Two Poems

by Kwame Opoku-Duku


            I’ve been called many things by niggaz
as fearful as I, and my definition

of the holy has changed over time; the sharing
            of pain between lovers; the way we fed each other like

birds through the winter; the scent of lavender
            just over the horizon on a late summer night, after

the rain has ended, and up the block Lauryn Hill blasting
            out of the back of somebody’s car.

            And they pray that I violate. They pray to you, Lord.
I’ve been murdered by the eyes of thousands.

            Why do niggaz in New York
wear black?

            Maybe because we want to hide, to lose our bodies
and keep them, to close our eyes and forget it all.

Lord, I know ecstasy. I crave it,
            on rooftops, on the corner of 125th and St. Nich.

I hear your footsteps on the
            hardwood floor every night.

My lungs compress
            until I feel you at the door.

And I’ve burned all my confessions,
            but I should’ve sang the things I never sang.

            My definition of the holy
changes with each loss.

I once prayed to lose my body
            in a glorious way, under the

watchful eye of a ceiling fan,

there are no such things as ghosts, Child,
            only the forgotten and remembered. Blessed

be your nappy head. Blessed
            be the bitterness at your core.



i see you my son i’m looking at you i can see that
the lord wants to work through you the lord favors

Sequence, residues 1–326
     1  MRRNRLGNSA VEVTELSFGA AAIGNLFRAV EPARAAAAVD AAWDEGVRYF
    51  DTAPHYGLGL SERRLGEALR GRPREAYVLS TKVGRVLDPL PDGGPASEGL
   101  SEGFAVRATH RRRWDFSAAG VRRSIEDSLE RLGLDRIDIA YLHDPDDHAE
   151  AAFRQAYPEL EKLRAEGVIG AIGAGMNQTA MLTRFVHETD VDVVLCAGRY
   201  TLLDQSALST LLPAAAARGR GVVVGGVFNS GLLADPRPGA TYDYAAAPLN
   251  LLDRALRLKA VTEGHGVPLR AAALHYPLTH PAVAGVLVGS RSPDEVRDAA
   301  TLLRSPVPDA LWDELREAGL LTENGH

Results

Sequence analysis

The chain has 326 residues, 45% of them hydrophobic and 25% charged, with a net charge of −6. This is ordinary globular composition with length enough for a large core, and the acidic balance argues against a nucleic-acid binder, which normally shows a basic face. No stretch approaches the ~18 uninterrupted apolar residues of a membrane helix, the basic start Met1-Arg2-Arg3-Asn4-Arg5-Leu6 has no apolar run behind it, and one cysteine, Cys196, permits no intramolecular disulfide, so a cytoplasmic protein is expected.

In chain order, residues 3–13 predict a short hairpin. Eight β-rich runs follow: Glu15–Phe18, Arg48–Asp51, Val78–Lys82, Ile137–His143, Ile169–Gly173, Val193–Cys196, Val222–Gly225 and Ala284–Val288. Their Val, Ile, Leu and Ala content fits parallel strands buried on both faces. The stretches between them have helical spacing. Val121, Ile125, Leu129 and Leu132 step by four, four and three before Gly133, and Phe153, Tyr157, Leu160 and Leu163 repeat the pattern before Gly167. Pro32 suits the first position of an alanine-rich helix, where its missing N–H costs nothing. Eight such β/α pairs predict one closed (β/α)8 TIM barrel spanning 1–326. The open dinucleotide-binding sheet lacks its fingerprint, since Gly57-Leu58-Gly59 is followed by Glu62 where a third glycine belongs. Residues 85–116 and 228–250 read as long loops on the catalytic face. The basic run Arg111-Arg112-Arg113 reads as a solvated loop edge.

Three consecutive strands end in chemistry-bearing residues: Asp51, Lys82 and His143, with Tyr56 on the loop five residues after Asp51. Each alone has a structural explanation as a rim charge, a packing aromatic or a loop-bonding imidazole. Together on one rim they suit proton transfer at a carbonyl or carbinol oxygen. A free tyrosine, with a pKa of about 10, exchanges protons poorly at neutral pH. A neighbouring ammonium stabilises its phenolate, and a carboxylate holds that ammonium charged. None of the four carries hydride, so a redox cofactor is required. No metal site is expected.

you he wants you to own your own business the lord
has a woman picked out for you son the lord will
the lord willing my son guide you through the lord son
has a plan the lord wants my son he wants my son in 
mysterious ways my son the lord wants you to go to Africa
the lord is the lord is the one who can guide you through
this time son the lord lives the lord lifts up your troubles
son he wants the lord to heal you son i’m looking at you
son i see you son i’ve got chills all over lord my body lord
the lord my son my body what is it that you want my son
have you ever truly wondered what it is you have

Kwame Opoku-Duku is a poet, fiction writer, and filmmaker. His work has been nominated for the Pushcart Prize, and is featured or forthcoming in the Massachusetts Review, Chicago Review of Books, Arcturus, Gigantic Sequins, Apogee, Glass: A Journal of Poetry, and elsewhere. Kwame lives in New York City, and along with Karisma Price, he is a founding member of the Unbnd Collective. Find more of his work at